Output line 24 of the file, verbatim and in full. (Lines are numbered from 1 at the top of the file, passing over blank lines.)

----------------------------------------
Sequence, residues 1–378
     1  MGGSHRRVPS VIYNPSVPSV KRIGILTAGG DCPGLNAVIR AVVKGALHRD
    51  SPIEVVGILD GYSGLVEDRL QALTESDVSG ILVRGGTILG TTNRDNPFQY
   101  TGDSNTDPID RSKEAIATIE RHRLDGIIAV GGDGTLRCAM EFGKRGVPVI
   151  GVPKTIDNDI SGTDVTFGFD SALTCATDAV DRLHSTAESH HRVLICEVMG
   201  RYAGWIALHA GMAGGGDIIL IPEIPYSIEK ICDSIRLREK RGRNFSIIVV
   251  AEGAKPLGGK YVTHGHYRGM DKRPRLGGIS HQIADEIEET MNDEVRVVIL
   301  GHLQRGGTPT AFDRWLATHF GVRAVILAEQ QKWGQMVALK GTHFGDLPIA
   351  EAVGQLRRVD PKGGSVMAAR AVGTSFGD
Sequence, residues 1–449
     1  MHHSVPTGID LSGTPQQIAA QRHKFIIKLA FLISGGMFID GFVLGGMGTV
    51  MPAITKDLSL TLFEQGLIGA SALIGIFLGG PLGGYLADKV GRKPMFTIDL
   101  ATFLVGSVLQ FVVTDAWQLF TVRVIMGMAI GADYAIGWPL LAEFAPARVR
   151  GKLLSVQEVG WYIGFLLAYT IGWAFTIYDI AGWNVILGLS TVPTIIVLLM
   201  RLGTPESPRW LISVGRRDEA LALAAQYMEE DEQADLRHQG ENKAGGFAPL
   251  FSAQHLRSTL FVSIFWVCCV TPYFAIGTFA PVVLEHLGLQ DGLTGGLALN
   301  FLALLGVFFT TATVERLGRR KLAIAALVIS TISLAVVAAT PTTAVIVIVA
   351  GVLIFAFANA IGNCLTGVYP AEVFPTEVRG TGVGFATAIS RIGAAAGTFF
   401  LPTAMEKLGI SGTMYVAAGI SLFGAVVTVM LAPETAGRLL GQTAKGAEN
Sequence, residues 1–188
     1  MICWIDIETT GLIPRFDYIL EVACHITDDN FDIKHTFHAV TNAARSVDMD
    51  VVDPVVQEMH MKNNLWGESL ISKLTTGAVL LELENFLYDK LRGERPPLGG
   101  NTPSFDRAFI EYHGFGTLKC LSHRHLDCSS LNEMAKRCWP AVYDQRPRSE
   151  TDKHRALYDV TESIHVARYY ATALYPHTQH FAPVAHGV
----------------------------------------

   151  TDKHRALYDV TESIHVARYY ATALYPHTQH FAPVAHGV